Take a second and think hard about your favorite brand and line of craft beer. Think about the taste when you take your first sip out of the cold glass. I bet you can practically taste it now (shoot for all I know you just might be drinking one as you read this). Now think about the smell you get right before you drink it and as you consume the delicious craft brew. Although you may not know it, the smell you get from the beer you are drinking directly affects the taste. It is widely thought that between 1/4 and 1/3 of the taste of food and beverage is dependent on its smell.
Smell is the dominant sense affecting flavor perception. Without it, what we taste would be very simplistic and much more one-dimensional. Thus smell is a synthetic experience, in that the brain has a hard time picking apart the individual pieces, compared to taste which is an analytic experience where our brain can dissect the parts more easily. – Craftbeer.com
Truth be told it’s actually important to let beer breathe briefly similar to wine in order to let the head settle and flavors develop. It doesn’t have to be long, but there is a difference between the brewer intended smell and taste and the first taste right after opening a bottle. There are two primary elements of beer that affect the smell of most beer.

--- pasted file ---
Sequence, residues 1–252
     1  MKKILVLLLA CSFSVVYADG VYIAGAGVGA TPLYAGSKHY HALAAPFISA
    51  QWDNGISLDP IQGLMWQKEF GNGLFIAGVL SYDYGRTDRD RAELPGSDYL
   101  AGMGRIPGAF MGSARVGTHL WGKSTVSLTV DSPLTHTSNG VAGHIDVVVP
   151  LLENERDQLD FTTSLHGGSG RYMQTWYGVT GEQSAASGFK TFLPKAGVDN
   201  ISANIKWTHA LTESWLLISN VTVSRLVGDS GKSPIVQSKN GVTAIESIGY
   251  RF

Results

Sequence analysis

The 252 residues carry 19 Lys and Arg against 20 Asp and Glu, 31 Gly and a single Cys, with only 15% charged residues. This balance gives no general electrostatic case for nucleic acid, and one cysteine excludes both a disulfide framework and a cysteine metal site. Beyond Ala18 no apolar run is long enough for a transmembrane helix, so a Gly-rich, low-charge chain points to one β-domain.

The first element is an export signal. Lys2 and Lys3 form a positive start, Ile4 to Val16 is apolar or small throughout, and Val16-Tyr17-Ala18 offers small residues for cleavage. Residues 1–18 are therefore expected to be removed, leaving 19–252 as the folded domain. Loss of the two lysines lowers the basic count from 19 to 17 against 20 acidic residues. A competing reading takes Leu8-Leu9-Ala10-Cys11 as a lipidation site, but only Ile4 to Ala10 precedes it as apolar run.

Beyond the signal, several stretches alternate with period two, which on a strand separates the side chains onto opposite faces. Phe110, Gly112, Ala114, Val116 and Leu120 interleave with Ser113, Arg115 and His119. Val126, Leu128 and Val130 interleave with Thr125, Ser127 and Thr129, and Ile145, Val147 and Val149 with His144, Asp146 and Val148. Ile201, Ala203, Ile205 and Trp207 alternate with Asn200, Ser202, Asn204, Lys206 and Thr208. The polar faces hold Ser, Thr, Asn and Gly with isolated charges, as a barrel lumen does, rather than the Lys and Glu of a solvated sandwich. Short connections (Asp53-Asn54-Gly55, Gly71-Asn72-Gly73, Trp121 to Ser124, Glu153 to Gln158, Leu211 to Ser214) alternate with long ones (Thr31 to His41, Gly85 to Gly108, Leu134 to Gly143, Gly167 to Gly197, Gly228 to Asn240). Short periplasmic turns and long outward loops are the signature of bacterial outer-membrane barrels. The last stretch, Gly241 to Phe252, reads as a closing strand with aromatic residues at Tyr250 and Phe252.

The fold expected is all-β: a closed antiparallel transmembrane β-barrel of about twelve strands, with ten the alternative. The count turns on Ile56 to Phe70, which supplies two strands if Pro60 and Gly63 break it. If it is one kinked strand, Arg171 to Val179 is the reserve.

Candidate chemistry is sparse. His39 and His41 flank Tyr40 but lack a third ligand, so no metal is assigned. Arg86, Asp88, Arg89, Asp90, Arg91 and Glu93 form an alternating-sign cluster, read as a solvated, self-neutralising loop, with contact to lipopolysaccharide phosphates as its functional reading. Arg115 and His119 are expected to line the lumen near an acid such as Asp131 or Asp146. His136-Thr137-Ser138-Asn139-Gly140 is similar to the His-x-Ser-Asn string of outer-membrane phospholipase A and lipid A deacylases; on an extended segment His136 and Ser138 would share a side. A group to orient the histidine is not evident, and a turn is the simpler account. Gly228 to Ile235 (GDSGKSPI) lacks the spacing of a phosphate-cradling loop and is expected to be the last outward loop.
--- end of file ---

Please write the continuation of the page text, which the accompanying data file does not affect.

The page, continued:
The malt in beer is where the beer will derive its semi-sweet nature, and internationally it is the most recognizable element to craft beer’s smell. The malts can vary greatly in what has been done to them such as roasting, toasting, and mixed dark and deep flavored malts. Generally, malts are known evoke flavors and smells such as caramel, coffee, chocolate, and the general sweet smell in craft beer.
A regional favorite smell and taste of craft beer drinkers on the west coast, hops are known for creating herbal, earthy, bitter, piney, floral, citrus, and a variety of smells. IPA’s and some pale ales are well known for their high hop concentrations resulting in a strong showing of these flavors that we on the western coast of the United States have learned to love and appreciate. Depending on when the hops are added to the brew it will differently affect taste and smell, for more information on why and how; check out my hops blog post.
Outside of the traditional components to smell and taste, the large variety of beers on the market today have a wide variety of smell components. Sour beers, experimental beers, and variations to the brew process create new and exciting smells and tastes although some are better than others.
I challenge you to get a flight of beers at the local brewery in your town, order the most different sounding beers you can and try to pick them apart by smell. Let me know how you did!